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OUR FRIENDS AT PETERBOROUGH AND ITS VICINITY.
or Pantheistic forms of belief. Hence the necessity for the promulgation of Christian knowledge and principles, and prayer for the Spirit of God to bring home the word to the soul.
In conclusion, the Bishop, as Chairman, gave notice of an Address by Colonel Rowlandson, especially directed to the young, the next day, at the Corn Exchange.
The Colonel was listened to with earnest attention on that occasion by a large gathering of young people, and much, we trust, was carried away in the memory to bear the fruit of action in after life.
Meetings were held in the neighbouring villages during the week. At Eye, on Tuesday, one of the most interesting features was the number of Missionary-boxes brought in, evincing the general interest and feeling kept up during all the year, especially in the minds of the young.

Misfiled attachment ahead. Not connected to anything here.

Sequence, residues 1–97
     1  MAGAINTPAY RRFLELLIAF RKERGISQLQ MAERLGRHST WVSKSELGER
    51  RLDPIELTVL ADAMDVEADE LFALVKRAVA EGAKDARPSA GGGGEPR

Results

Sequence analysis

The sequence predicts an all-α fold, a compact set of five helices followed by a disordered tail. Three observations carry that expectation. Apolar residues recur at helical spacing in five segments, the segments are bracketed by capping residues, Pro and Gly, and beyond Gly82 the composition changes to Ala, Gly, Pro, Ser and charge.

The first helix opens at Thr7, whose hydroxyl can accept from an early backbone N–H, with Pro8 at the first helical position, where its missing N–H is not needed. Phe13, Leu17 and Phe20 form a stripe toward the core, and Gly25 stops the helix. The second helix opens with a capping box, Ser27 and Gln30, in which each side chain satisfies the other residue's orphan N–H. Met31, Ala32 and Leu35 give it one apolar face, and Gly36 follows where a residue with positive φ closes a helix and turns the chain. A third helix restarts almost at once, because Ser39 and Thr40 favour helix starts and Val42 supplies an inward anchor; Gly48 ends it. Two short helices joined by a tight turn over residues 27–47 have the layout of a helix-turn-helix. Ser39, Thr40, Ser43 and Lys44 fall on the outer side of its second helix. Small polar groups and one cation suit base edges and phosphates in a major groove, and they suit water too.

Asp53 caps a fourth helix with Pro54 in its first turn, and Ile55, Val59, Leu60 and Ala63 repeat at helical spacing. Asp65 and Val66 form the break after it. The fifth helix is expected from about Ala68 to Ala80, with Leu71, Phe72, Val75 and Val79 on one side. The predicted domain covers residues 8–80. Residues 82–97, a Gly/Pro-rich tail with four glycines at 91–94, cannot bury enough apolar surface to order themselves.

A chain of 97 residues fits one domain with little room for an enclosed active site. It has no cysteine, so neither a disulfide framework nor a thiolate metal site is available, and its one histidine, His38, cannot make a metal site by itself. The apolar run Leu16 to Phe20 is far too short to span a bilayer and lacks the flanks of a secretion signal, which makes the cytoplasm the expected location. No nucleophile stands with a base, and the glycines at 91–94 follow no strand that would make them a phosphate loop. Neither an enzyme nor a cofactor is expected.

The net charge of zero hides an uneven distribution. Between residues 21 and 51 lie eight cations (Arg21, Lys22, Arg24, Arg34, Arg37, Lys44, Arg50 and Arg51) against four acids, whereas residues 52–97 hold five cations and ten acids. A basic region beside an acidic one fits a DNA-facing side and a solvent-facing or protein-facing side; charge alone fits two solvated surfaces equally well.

The same was observed at Orton Waterville, the next night, where Colonel Rowlandson also attended, and kept a crowded room (the hall of the old Manor House, the largest room that could be found in the village) in deep and never-flagging attention, even of the little children, for a considerable time. And it was no wonder, for his words went from the heart to the heart. But there is one peculiar and novel source of income here which really deserves special notice, and which shows how from little means great results may be attained, and that with ever-increasing cheerful Missionary interest as the work goes on. One of the items of collection here was 131. 38., which had been obtained during the year by the sale of flowers, chiefly in penny bunches, made up every week with much artistic skill (and it is wonderful how love draws out our powers), and sold by ready and cheerful agents—the market-woman, the postman, the Rector's daughter, &c.—and so readily bought up that not a bunch ever came back unsold. The flowers are collected, not from one garden only, but from many, both in the villages and outside. And it is exceedingly pleasant to see the children coming in, in troops almost, in the merry spring time, with joyous faces bringing in their bunches of violets and primroses and orchises, collected in the fields and woods about. They each receive a little printed card, with a picture on it (a Missionary subject generally), which provides them with a fresh thought for that week, and these cards they usually put up in their cottage rooms. And who shall say what good and blessed results may come from this simple means of enlisting the sympathies of the young, and keeping up their interest in such a loving and loveable employment. And so, at the Missionary Meeting, they who have “an interest in the concern” want to know, and so does the market-woman, and the postman too, what is the result of the year's pleasant work, and to be told how it is likely to be blessed of God to the poor heathen, and to themselves too. It is a cheerful coming together. The Indian diagrams hang round the walls, and as the Colonel proceeds in his narratives, his eye catches something in one of them here, or another there, which realizes the scene; and it is really specially exciting to see how quickly all eyes, little and great, are turned in the direction to which the speaker points in order to fix attention on the contrast between the dark and degraded state of the poor heathen, and the bright and exalted condition of the Gospel-taught Englishman, and therefore his duty and his privilege to hold up the